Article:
It’s widely know that there was a tremendous amount of pandemic related fraud over the past couple years as the federal government was sending money out the door with a shovel and crooks around the world got in line to get their piece of the action. A former US Attorney called it the “biggest fraud in a generation.” Estimates range but somewhere between $60 and $160 billion in fraud is likely. Today the Washington Post has an update on the effort to prosecute some of the thieves involved.
In the midst of the pandemic the government gave unemployment benefits to the incarcerated, the imaginary and the dead. It sent money to “farms” that turned out to be front yards. It paid people who were on the government’s “Do Not Pay List.” It gave loans to 342 people who said their name was “N/A.”…
There are currently 500 people working on pandemic-fraud cases across the offices of 21 inspectors general, plus investigators from the F.B.I., the Secret Service, the Postal Inspection Service and the Internal Revenue Service.
The federal government has already charged 1,500 people with defrauding pandemic-aid programs, and more than 450 people have been convicted so far. But those figures are dwarfed by the mountain of tips and leads that investigators still have to chase.
Agents in the Labor Department’s inspector general’s office have 39,000 investigations going.
President Biden extended the statute of limitations for pandemic fraud charges to ten years. But at the present rate, that still means a lot of people are never going to be charged, much less convicted. The inspector general for the Small Business Administration put the situation in blunt terms, “Only about 50 working field agents, right? So how do I take one of my agents off of a $20 million case to work a $10,000 case?” He noted that it would cost more than $10,000 to investigate one of the $10,000 cases. So most of the people who stole smaller, but still significant amounts of money, are probably going to get away with it.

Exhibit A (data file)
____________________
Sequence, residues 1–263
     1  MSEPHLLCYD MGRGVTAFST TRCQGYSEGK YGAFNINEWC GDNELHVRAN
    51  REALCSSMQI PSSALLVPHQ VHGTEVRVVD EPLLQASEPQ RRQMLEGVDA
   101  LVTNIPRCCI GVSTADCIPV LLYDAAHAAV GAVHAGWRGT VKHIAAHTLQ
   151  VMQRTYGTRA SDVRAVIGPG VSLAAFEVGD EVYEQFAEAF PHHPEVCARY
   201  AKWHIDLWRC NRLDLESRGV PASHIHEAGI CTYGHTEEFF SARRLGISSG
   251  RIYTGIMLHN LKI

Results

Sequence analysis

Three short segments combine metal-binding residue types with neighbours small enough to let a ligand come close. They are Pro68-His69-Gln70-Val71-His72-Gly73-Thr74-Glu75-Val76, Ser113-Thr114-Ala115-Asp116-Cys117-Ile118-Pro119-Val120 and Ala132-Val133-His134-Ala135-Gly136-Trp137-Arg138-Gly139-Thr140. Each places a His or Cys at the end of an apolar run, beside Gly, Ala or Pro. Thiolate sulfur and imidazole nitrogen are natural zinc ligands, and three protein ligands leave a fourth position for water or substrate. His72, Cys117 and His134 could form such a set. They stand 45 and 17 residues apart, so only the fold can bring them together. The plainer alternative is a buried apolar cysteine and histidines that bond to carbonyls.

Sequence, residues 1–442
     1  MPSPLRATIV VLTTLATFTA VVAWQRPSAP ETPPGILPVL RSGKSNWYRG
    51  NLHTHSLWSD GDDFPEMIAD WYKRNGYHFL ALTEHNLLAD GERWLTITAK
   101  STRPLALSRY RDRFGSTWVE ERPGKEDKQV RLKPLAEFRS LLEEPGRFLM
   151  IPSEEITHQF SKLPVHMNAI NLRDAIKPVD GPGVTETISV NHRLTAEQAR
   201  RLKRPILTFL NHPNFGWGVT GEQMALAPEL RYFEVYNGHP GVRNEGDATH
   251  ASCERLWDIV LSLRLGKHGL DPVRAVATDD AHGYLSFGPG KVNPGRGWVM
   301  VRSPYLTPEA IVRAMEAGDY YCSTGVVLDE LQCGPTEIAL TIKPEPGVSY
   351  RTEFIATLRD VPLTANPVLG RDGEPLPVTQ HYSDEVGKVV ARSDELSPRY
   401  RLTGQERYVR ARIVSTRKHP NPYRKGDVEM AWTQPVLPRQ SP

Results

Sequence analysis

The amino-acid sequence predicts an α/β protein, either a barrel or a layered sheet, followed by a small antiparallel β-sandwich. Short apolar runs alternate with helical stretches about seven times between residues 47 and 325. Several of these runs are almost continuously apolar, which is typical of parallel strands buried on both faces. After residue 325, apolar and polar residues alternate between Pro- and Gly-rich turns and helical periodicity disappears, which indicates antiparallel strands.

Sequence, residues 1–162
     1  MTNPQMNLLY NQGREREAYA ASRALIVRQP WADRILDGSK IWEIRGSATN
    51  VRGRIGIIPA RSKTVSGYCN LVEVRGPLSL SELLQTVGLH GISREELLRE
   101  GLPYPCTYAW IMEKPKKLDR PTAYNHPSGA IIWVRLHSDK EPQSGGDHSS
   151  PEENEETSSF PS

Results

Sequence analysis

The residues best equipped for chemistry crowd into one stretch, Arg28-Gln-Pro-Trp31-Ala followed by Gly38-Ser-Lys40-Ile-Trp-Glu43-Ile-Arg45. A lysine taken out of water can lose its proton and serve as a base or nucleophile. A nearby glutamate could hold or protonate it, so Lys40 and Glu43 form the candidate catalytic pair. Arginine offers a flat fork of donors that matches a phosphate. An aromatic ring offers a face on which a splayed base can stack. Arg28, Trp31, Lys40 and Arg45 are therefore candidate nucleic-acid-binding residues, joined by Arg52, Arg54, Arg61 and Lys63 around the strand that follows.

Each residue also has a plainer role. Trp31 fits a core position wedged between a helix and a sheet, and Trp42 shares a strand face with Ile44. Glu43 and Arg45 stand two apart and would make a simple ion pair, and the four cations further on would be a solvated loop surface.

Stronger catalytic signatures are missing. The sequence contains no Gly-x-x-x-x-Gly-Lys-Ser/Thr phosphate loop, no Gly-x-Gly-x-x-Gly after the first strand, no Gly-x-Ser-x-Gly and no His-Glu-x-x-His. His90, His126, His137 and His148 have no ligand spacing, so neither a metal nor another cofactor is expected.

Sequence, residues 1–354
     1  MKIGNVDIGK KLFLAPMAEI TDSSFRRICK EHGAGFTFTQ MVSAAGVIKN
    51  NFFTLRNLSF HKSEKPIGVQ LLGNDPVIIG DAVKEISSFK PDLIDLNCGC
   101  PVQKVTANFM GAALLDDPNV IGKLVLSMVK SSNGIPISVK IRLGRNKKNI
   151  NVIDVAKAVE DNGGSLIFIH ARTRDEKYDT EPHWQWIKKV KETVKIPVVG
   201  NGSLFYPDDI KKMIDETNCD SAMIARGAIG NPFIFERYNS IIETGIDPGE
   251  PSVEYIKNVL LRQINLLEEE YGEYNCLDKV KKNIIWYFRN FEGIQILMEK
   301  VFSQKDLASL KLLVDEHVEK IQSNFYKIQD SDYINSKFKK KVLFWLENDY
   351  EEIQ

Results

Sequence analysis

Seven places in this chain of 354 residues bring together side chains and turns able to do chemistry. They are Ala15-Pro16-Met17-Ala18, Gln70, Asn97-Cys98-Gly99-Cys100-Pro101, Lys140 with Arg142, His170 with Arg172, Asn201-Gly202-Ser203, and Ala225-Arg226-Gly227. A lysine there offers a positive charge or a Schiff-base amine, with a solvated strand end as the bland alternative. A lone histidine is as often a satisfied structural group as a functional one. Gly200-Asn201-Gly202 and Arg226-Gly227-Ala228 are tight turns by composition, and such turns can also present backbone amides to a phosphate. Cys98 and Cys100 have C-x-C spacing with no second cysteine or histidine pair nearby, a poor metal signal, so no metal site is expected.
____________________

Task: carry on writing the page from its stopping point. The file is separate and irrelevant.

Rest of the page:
And when it comes to the bigger fish, their attorneys are arguing the fraud was the government’s fault for making it so easy.
The government “was handing out money with no checks and a lot of people took advantage of that,” Ashwin J. Ram, an attorney for convicted fraudster Richard Ayvazyan, told The New York Times in November.
“It’s a honey trap,” he added. “Richard Ayvazyan fell into that trap.” Mr. Ayvazyan was sentenced to 17 years in prison for participating in a ring that sought $20 million in fraudulent loans.
My own take on this is that the actual amount of fraud is probably significantly higher than the current estimates. We’re talking about $5 trillion dollars here which was delivered with few checks on who was getting it. Maybe one day, a few years from now we’ll get a revised account which raises the total. For now, the government is barely making a dent on going after the people responsible which is frustrating. The top comment on the story is this one which really sums up how I feel about the crooks.
This makes me so angry. My husband works really hard and thru the entire Pandemic worked as a contractor at a grocery store stocking shelves, helping people and showing up every day. For $15/hr. He’s 53 and life circumstances led to fall from grace for him; but he got up every morning and went to work even though his unemployment benefits would have been higher than what he got paid. Because he believes in honesty, a good days work and something that’ll give him purpose and a reason to wake up every morning.
…and then you read this and it breaks my heart for him.
An anonymous commenter wrote this.
I am not proud to say that I worked on these PPP loans – my former employer entered into an outsourcing agreement with a bank to process the applications. The overwhelming majority of recipients were legitimate businesses, and truly needed the funds. But there was a substantial amount of outright fraud, and as a mortgage underwriter, it was easy to spot. In order to qualify, a business needed to provide IRS documents like tax returns or quarterly withholding reports, and in any number of cases, either or both were doctored up. Companies were established the week before per state filings. And on and on. I once brought a doctored tax return to the attention of the bank we were working with, and they asked how I knew the return was phony. My response? “The numbers don’t add up.” Duh. The bank didn’t care. And I was told by my own company’s management that we were not responsible for reporting fraud (and, yes, I sent that gem to my personal email to cover my behind). I’m glad the government is going after these thieves.
I’m glad we’re going after them too but of course if we hadn’t spent so much money so recklessly in the first place a lot of this could have been avoided. Not to mention that we might not be in the same inflation pinch we find ourselves in now if there had been less money pouring out.